POLITICS
07/13/2015 11:08 pm ET Updated Jul 15, 2015

ICE Begins Freeing More Mothers, Children From Immigrant Detention

FILE - In this Sept. 10, 2014 file photo, detained immigrant children line up in the cafeteria at the  Karnes County Resident
FILE - In this Sept. 10, 2014 file photo, detained immigrant children line up in the cafeteria at the Karnes County Residential Center, a temporary home for immigrant women and children detained at the border, in Karnes City, Texas. The Homeland Security Department has privately acknowledged that a remarkable number of young families caught crossing the border illegally earlier this year subsequently failed to meet with federal immigration agents, as they were instructed. At the meeting, the ICE official acknowledged the no-show figures while explaining the administration’s decision in June to open a temporary detention center for families in Artesia, New Mexico. A second immigration jail in Texas was later converted for families and can house about 530 people. A third such detention center will open in Texas later this year. Before the new facility in Artesia, the government had room for fewer than 100 people at its only family detention center in Pennsylvania. (AP Photo/Eric Gay, File)

WASHINGTON -- The Obama administration is making good on its promise to limit the detention of immigrant families by beginning to release women and children seeking asylum or other relief in the U.S.

Immigration and Customs Enforcement has begun reviewing the cases of families being held at its detention centers and will release some women and children while they pursue approval to remain in the U.S., a spokesman said Monday.

"Going forward, ICE will generally not detain mothers with children, absent a threat to public safety or national security, if they have received a positive finding for credible or reasonable fear and the individual has provided a verifiable residential address," Richard Rocha, a spokesman for ICE, said in a statement.

The move comes after months of urging by immigration advocates, lawyers and Democratic lawmakers to stop the detention of mothers and children, which they say is highly damaging for families, especially children.

It doesn't mean that family detention is over. The three facilities -- two in Texas and one in Pennsylvania -- will remain in operation to hold women and children recently apprehended and those who are not approved for release.

Critics of family immigrant detention say the changes aren't nearly enough, but are a step in the right direction. Jonathan Ryan, executive director of the Refugee and Immigrant Center for Education and Legal Services, said in a statement that the move was "only seen as a victory because of how bad the Administration has made life for refugees."

"A year ago we would never have accepted this minor shift in policy towards asylum seekers, nor would we have celebrated this move by the administration," said Ryan, whose group coordinates legal services for families in detention. "After nearly a year of advocating for children and mothers, who have fled immense violence, we are thrilled that the administration is finally accepting that their treatment of this population of people was wrong."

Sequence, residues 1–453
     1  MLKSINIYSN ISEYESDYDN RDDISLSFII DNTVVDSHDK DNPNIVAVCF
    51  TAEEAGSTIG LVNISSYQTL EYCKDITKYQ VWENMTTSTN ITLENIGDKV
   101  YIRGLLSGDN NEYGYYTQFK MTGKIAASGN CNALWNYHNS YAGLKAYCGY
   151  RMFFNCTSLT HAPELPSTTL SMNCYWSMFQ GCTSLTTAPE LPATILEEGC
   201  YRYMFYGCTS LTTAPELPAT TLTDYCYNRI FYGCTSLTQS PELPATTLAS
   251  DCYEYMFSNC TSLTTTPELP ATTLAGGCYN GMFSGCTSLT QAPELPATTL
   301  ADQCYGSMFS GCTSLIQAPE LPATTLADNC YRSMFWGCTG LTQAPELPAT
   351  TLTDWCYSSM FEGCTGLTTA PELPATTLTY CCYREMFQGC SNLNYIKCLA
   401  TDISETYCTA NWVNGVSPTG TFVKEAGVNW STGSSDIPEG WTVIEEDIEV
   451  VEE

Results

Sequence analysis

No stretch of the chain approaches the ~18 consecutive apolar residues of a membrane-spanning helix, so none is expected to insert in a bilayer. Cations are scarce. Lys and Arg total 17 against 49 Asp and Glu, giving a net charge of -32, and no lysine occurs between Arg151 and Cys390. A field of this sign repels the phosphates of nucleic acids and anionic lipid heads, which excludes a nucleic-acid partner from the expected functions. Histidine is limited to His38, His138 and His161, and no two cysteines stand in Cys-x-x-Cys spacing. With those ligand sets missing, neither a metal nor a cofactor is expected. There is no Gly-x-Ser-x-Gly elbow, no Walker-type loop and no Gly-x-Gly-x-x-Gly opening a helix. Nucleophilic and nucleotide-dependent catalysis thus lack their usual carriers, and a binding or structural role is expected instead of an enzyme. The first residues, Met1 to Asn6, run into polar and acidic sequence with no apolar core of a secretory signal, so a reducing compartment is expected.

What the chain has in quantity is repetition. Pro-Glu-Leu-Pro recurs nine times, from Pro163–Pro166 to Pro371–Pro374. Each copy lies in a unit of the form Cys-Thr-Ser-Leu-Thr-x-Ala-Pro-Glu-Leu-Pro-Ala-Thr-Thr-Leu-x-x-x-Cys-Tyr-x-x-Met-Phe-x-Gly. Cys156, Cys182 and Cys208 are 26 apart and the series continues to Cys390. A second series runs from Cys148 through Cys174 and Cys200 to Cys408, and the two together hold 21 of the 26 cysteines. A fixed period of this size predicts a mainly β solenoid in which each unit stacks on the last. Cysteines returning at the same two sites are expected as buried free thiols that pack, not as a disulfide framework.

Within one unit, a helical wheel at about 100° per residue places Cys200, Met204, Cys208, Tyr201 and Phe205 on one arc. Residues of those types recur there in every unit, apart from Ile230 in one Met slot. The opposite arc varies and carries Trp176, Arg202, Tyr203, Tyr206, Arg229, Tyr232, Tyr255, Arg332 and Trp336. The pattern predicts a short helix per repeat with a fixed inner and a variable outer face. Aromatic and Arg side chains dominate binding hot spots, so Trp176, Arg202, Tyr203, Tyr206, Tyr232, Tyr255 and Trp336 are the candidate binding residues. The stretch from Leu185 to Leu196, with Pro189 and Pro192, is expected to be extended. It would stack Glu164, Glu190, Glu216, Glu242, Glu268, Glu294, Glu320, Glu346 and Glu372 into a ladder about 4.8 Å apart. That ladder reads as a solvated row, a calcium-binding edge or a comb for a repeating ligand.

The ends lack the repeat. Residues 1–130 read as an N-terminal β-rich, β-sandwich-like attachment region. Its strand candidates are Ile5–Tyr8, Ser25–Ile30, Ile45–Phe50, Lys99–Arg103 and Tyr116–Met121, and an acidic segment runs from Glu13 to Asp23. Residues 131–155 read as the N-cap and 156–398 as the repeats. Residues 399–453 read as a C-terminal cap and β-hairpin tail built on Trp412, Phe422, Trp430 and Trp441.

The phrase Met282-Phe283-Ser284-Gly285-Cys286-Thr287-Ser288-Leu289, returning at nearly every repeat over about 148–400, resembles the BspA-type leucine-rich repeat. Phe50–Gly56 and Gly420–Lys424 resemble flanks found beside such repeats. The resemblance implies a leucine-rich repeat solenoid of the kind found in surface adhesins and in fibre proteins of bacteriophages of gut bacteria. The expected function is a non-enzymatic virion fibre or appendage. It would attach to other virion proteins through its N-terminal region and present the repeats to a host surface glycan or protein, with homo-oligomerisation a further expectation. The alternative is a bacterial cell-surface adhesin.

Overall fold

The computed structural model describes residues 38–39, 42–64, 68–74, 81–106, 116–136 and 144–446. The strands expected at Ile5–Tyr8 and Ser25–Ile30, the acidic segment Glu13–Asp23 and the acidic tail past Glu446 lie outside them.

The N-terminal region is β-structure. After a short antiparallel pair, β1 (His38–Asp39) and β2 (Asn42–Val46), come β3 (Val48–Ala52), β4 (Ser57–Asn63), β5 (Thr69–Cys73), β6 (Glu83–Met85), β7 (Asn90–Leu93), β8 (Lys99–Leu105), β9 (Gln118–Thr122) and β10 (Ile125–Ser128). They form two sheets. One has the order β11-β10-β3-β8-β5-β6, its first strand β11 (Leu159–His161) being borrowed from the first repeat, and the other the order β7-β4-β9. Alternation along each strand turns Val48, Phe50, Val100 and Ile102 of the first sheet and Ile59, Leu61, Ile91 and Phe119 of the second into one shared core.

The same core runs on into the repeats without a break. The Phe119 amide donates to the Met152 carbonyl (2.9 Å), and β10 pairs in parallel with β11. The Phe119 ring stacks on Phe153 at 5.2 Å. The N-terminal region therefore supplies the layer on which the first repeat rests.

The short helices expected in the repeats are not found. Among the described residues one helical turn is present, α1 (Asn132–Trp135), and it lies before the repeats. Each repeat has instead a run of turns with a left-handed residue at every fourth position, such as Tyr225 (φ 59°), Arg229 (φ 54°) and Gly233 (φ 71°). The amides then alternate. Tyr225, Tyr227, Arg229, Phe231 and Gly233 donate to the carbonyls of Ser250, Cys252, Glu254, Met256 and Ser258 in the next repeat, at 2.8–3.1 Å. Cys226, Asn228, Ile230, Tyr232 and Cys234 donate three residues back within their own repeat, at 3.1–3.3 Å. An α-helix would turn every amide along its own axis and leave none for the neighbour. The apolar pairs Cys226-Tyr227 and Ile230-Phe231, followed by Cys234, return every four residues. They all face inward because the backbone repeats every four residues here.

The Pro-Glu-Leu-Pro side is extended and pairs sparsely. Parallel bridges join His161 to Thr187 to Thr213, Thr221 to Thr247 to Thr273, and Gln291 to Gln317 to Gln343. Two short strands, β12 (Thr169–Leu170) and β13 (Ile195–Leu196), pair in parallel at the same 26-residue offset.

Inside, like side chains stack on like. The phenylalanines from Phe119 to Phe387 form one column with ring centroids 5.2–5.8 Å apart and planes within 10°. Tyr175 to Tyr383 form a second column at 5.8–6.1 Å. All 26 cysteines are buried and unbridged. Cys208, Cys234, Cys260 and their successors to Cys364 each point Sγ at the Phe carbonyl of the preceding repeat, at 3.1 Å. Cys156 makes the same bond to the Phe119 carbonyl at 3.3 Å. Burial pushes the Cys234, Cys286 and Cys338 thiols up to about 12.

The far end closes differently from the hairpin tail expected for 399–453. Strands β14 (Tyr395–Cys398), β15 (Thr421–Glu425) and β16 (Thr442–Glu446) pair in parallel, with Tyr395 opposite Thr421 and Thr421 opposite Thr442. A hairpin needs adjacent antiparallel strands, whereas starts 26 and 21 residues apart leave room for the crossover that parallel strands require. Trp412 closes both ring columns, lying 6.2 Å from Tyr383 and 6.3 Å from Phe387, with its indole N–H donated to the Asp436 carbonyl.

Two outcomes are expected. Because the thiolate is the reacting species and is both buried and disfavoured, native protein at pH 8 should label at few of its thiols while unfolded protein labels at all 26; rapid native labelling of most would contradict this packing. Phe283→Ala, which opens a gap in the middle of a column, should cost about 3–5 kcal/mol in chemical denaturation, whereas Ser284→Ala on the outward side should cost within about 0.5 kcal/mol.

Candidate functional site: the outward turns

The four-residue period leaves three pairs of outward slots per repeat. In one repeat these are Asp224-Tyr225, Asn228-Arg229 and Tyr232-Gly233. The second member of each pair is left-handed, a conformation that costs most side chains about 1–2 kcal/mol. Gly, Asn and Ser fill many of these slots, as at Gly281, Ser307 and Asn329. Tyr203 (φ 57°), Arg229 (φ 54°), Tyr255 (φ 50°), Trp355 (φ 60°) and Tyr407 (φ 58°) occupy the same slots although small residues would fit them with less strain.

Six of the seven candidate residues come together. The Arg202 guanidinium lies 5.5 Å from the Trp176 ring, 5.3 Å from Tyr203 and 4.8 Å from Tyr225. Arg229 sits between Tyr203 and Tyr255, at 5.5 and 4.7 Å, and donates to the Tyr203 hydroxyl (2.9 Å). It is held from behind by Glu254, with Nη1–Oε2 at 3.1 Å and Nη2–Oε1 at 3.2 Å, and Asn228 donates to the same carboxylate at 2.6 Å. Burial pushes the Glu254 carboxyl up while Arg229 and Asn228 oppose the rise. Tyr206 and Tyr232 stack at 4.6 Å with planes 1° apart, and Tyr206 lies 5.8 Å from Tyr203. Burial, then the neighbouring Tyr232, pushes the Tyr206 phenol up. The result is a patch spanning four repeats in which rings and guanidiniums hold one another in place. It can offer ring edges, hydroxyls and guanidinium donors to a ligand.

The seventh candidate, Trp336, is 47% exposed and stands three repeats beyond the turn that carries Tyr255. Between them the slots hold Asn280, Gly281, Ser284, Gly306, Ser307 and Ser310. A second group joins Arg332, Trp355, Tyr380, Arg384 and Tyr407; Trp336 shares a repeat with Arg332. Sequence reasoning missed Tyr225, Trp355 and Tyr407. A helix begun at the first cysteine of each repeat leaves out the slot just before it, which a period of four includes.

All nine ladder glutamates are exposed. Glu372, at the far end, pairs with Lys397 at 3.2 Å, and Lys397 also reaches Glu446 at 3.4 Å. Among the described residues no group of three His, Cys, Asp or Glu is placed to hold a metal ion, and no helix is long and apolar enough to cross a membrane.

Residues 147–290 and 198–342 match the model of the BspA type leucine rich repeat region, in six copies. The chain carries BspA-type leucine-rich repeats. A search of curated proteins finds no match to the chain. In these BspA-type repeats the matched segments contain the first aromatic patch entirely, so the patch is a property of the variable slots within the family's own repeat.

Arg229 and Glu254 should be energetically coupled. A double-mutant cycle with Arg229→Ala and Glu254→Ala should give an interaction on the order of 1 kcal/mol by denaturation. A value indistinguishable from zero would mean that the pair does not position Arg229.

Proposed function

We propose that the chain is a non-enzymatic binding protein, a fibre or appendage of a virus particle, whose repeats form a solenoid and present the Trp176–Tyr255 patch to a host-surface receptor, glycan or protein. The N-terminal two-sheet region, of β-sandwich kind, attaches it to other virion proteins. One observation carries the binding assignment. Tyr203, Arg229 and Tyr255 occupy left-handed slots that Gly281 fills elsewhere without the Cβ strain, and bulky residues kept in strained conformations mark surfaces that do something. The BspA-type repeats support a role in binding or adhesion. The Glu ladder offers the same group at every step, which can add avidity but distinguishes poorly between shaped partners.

Family immigrant detention was rarely used during most of Obama's time in office, after his administration shut down the controversial T. Don Hutto family detention facility in 2009 over reports of abuse and heavy criticism that it kept children in what was once a prison.

But things changed after nearly 70,000 family units, mostly Central American mothers with their children, were apprehended along the U.S.-Mexico border last fiscal year. The administration opened two new facilities in Texas, in Dilley and Karnes City, to supplement a smaller existing facility in Berks County, Pennsylvania.

The Dilley facility, the South Texas Family Residential Center, housed 1,979 women and children as of Monday, according to ICE. There were 122 people at the Karnes facility and another 71 people at the Berks center.

The total number of people in the facilities is expected to decline, but may increase in the future as more women and children are apprehended along the border.

The policy change was announced last month by Homeland Security Secretary Jeh Johnson.

Johnson said those allowed to stay in the U.S. while pursuing relief would be released, except in certain circumstances, rather than staying in detention as they await hearings. For those released on bond, amounts would be set at "reasonable and realistic" levels the women can afford, Johnson said.

"I have reached the conclusion that we must make substantial changes in our detention practices with respect to families with children," Johnson said in a statement at the time. "In short, once a family has established eligibility for asylum or other relief under our laws, long-term detention is an inefficient use of our resources and should be discontinued."

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